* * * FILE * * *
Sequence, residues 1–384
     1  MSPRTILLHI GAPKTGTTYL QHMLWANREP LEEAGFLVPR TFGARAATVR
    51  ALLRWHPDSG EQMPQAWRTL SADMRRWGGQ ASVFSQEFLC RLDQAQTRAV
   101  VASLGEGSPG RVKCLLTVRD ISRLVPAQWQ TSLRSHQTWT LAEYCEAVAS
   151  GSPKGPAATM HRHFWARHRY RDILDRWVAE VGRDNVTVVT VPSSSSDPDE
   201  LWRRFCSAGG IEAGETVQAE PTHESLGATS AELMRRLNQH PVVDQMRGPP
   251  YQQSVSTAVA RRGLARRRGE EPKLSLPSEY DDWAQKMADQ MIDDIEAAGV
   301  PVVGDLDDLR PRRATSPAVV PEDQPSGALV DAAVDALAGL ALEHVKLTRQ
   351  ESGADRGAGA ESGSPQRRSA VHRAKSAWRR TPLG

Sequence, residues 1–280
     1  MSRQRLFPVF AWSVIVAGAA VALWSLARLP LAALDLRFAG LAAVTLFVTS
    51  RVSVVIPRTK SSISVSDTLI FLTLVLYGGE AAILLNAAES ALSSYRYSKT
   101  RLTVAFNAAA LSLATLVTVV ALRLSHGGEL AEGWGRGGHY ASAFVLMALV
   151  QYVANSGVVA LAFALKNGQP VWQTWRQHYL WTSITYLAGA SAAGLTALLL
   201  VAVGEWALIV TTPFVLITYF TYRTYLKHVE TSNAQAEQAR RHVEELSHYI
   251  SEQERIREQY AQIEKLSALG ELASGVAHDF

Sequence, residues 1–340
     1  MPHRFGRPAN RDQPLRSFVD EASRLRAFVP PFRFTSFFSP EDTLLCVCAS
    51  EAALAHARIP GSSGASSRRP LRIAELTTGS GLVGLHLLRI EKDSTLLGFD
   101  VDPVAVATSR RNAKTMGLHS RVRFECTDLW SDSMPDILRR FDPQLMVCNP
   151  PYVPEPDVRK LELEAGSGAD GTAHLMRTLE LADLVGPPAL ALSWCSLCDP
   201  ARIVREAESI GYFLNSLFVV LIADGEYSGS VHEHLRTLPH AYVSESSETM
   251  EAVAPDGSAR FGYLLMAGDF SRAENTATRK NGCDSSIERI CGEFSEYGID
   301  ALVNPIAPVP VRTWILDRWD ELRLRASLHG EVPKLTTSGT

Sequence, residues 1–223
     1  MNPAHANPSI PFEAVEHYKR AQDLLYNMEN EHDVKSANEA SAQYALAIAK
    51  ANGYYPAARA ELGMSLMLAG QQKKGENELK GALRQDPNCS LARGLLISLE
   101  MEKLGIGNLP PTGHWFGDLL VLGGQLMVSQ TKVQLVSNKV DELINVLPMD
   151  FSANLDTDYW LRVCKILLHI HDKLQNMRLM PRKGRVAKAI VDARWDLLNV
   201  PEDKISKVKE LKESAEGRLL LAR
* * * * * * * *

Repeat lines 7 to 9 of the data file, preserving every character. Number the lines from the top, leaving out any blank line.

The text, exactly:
   251  YQQSVSTAVA RRGLARRRGE EPKLSLPSEY DDWAQKMADQ MIDDIEAAGV
   301  PVVGDLDDLR PRRATSPAVV PEDQPSGALV DAAVDALAGL ALEHVKLTRQ
   351  ESGADRGAGA ESGSPQRRSA VHRAKSAWRR TPLG